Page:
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How can we check that heading levels in a LaTeX file are coming in sequence, i.e., \section, \subsection, \subsubsection, \paragraph and \subparagraph. How to catch if \section is followed by \subsubsection or \subsection is followed by \paragraph etc.

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3 Answers

An "abstract" version of zeroth's solution:

\makeatletter
\def\set@schk#1#2{%
  \expandafter\let\csname schk@#1\expandafter\endcsname
  \csname #1\endcsname
  \@namedef{schk@#1@level}{#2}%
  \@namedef{#1}{\schk@check{#1}\csname schk@#1\endcsname}%
}
\set@schk{section}{1}
\set@schk{subsection}{2}
\set@schk{subsubsection}{3}
\set@schk{paragraph}{4}
\set@schk{subparagraph}{5}

\def\schk@check#1{%
  \ifnum\numexpr\csname schk@#1@level\endcsname-\schk@current\relax>\@ne
    \par You can't put \texttt{\expandafter\string\csname #1\endcsname} here\par
  \fi
  \xdef\schk@current{\csname schk@#1@level\endcsname}%
}
\def\schk@current{0}
\makeatother

We add in front of each sectioning command a check that the level difference is not greater than one followed by setting the current level.

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You can do it by a hackish way. I do not know of any packages that might do this. And it can probably break by certain packages. Although it should be somewhat robust against other packages.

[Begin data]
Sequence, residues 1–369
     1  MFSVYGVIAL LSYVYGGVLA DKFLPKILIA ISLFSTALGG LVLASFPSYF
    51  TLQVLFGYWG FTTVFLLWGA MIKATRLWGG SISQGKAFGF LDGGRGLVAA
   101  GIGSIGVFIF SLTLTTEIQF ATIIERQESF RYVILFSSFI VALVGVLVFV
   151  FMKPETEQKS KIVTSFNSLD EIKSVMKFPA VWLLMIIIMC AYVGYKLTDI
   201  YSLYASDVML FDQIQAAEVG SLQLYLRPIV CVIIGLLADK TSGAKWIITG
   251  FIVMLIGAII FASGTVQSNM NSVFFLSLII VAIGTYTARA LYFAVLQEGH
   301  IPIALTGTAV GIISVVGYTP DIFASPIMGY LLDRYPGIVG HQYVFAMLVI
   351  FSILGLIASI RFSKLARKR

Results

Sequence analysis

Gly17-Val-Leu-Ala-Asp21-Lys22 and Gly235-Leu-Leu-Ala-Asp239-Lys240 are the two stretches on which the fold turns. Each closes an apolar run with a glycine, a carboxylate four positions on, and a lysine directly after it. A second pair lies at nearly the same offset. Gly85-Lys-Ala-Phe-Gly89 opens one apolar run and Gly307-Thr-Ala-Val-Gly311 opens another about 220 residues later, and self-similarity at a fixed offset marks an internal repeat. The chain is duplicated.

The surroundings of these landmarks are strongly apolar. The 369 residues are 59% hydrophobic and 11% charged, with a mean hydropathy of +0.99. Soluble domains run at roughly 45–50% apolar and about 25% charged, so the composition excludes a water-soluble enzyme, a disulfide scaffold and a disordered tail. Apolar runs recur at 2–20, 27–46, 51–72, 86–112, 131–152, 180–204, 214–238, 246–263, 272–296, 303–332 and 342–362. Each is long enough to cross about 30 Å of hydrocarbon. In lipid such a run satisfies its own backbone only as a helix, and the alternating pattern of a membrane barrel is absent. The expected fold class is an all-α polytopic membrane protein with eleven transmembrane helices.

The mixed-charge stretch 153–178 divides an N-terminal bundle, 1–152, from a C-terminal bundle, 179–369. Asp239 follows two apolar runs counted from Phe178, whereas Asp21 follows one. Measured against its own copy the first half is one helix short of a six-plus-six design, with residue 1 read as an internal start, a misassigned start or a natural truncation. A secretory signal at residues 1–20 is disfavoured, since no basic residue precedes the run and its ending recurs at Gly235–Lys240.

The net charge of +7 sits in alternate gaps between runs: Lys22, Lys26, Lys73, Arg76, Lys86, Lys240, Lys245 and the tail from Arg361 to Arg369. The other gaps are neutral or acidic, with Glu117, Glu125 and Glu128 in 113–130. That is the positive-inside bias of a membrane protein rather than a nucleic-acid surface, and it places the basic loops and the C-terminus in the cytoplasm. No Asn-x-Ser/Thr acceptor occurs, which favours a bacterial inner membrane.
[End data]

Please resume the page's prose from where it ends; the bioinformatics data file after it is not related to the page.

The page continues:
What I have done is to check for typesetting rules. I have added a lot of unnecessary \if's to exemplify. The same pattern of implementation can be done for \part, \chapter ... whatever command you might wish.

Basically it will keep track of what is allowed to be typeset. There should be one \if to each section, subsection, etc. and then you redefine the section to check against this. If it is allowed to typeset it will proceed and update what is allowed to follow, this can be made arbitrarily and rather straightforward.

\documentclass{article}
\begin{document}
\makeatletter
% Always allow to step back and go one forth
% Create If variables for each sectioning
\newif\iftest@section
\newif\iftest@ssection
\newif\iftest@sssection
% Initialize to correct values
\test@sectiontrue
\test@ssectiontrue
\test@sssectionfalse
% Save old definition of sections, that are going to be incorporated
\let\osection\section
\let\ossection\subsection
\let\osssection\subsubsection
% Redefine section
\def\section{%
    \iftest@section % We are allowed to typeset a section, proceed
    % Initialize what is allowed to be typeset after a section
    \test@sectiontrue
    \test@ssectiontrue
    \test@sssectionfalse
    % Expandafter to circumvent grabbing of \else
    \expandafter\osection
    \else
    % If not applicable for typesetting write out an error message
    % You could add a \warning here (but then it wont compile)
    ERROR you are not allowed to add a section now!
    % Eat the argument of the section, easily expanded to also gobble the
    % [] argument
    \expandafter\@gobble
    \fi
}
% Do same handling for the subsection
\def\subsection{%
    \iftest@ssection
    \test@sectiontrue
    \test@ssectiontrue
    \test@sssectiontrue
    \expandafter\ossection
    \else
    ERROR you are not allowed to add a subsection now!